Building a robot can be hard. Just ask Johnson Crossing fifth-graders Austin Owen and Jase LaDay.
Once, they say, their remotely controlled robot inexplicably began doing the opposite of what it was told: if the students tried turning it right, it went left, and vice versa. After some troubleshooting, they found they had accidentally installed the robot’s “brain” — the computer that controls its movement — backward.
Now, Owen and LaDay have conquered the learning curve, and have moved on to adding enhancements and extra pieces to their robot, instead of getting tied up in figuring out the basics. They just finished adding new wheels.
“We got tracks on them and we added these cool spikes,” LaDay said. “I liked the look of ‘em.”
The students are part of the Robotics Club at Johnson Crossing that meets for an hour per week to build, enhance and play with robots. The club is the brainchild of Johnson Crossing fifth-grade reading, writing and science teacher Tammy Rensch. To Rensch, the club is more than just a fun outlet for kids who are interested in playing with robots. It allows kids of all abilities to get experience in creative problem solving, she said.
“It really hits the STEM — the science, technology, engineering and mathematics — it really hits all of those cores,” Rensch said. “They have to problem solve. Yes, if they’re really stuck, I’ll help them, but I really want them to see — can they figure out why their robot’s not working or what can (they) do to make it better?”
Rensch first thought of starting a robotics club after talking to colleagues about creating an outlet for the school’s High Ability Learners. Someone brought up the idea of robotics and Rensch started looking into it. She applied for and received funding through the Fremont Public Schools Foundation to launch the club, which has been up and running for two years.
While the initial concept was geared around High Ability Learners, Rensch decided to make the club open to everyone.
“We have a very wide range, of students with autism, special needs students and high ability and everything in between,” Rensch said. “It’s a great opportunity to be hands on, to be building.”
The club meets every Tuesday afternoon for an hour. The kids break up into teams, sharing a total of 15 robot-building kits which include instructions on how to construct the machines. Each team returns to the same kit every week to resume their progress. The teams spend different amounts of time on their robots, and spend their time either constructing the core machine or enhancing it.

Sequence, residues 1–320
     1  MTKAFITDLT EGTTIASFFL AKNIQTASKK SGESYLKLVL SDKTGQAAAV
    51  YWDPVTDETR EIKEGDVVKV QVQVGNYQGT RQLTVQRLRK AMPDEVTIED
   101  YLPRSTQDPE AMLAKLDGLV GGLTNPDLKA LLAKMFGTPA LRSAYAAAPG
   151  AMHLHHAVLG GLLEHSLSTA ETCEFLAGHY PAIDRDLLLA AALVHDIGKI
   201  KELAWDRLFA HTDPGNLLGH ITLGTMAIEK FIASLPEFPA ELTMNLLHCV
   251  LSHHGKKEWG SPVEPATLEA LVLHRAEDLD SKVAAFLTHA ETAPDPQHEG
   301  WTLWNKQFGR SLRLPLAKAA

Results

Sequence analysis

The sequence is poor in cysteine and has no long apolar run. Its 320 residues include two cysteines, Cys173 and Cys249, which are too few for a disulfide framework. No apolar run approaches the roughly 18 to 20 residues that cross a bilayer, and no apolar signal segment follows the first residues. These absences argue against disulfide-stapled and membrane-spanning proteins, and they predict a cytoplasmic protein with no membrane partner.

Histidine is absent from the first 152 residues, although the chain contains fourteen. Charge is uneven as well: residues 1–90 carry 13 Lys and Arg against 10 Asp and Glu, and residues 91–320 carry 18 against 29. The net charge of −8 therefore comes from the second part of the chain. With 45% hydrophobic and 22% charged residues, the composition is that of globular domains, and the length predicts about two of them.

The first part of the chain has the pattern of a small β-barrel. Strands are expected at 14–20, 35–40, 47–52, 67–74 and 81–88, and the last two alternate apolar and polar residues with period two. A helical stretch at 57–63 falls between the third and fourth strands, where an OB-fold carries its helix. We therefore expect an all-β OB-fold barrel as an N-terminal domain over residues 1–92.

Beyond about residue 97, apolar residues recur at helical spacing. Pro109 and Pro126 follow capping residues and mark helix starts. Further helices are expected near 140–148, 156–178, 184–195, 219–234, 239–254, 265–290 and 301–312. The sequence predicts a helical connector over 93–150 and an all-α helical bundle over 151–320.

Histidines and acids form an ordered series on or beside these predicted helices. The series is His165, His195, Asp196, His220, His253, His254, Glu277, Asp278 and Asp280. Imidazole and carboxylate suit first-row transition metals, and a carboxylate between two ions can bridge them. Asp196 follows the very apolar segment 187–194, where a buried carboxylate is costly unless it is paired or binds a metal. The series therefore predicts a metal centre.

At the club’s meeting this past Tuesday, about two dozen kids huddled off in groups. In a classroom, teams scoured through bins of Lego-sized mechanical pieces and colorful posters with illustrated assemblage instructions. Just outside the classroom there were occasional flurries of mechanical bumblebee-like whirring. Teams who had completed their robots were testing them, using remote controls to move shoebox-sized machines across the carpet and tiles. The robots had arms that lifted colored blocks and balls, tossing them into the air or stacking them up.
“This is pretty much where we’re at at this time of year, where some are still building and adding onto their robots, some have built, testing them out with stacking blocks, throwing balls,” Rensch said. “Some have a special kit called an add-on kit, that have extra pieces that they can add on, kind of create their own robot.”
Fifth-graders Lyndi Hanson and Brynne McDermott spent the past few sessions working on adding a trailer to the back of their robot. They tested it for the first time outside, with Rensch recording the moment for her Twitter account, which regularly showcases students’ progress. The robot’s mechanical arm lifted a green block in the air, releasing it so that it tumbled down along the back of the robot, landing into the newly attached square trailer. Both girls put their arms in the air in victory.
Hanson and McDermott designed the trailer themselves — no instructions required.
“We just thought of it,” Hanson said. “We finished the robot and we did the claw part, and we eventually just thought we should add a trailer to it.”
Inside the classroom, a team of fifth-graders — Harlan Wilcox, David Solorio, Savannah Uhlik and Sebastian Asbach — were building their robot. They lamented having had to troubleshoot some recent issues, including having accidentally used an incorrect piece. But they were all smiles.
“That’s the real challenge, and challenge is good,” said Wilcox, adding, “I like that we get to hang out with our friends. I just think it’s really awesome.”
At the end of each semester, Rensch holds competitions for the kids. The events include races, block-stacking contests and obstacle courses. There’s no prize — just bragging rights for now.
But Rensch is considering raising the stakes. She’s looked into the possibility of bringing her teams to an official event, but hasn’t decided on the right one.